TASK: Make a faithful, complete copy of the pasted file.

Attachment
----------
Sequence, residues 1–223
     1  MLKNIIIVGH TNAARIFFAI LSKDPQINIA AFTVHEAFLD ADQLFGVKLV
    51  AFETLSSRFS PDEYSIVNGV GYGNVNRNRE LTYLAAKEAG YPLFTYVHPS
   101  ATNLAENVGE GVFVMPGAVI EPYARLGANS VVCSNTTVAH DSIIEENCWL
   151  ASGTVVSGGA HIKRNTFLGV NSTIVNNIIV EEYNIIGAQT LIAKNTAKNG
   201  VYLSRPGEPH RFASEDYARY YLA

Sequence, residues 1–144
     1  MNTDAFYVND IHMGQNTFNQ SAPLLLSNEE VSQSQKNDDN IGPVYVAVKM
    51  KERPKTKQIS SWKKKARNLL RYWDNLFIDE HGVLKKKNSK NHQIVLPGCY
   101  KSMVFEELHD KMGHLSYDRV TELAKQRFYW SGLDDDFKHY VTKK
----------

Sequence, residues 1–223
     1  MLKNIIIVGH TNAARIFFAI LSKDPQINIA AFTVHEAFLD ADQLFGVKLV
    51  AFETLSSRFS PDEYSIVNGV GYGNVNRNRE LTYLAAKEAG YPLFTYVHPS
   101  ATNLAENVGE GVFVMPGAVI EPYARLGANS VVCSNTTVAH DSIIEENCWL
   151  ASGTVVSGGA HIKRNTFLGV NSTIVNNIIV EEYNIIGAQT LIAKNTAKNG
   201  VYLSRPGEPH RFASEDYARY YLA

Sequence, residues 1–144
     1  MNTDAFYVND IHMGQNTFNQ SAPLLLSNEE VSQSQKNDDN IGPVYVAVKM
    51  KERPKTKQIS SWKKKARNLL RYWDNLFIDE HGVLKKKNSK NHQIVLPGCY
   101  KSMVFEELHD KMGHLSYDRV TELAKQRFYW SGLDDDFKHY VTKK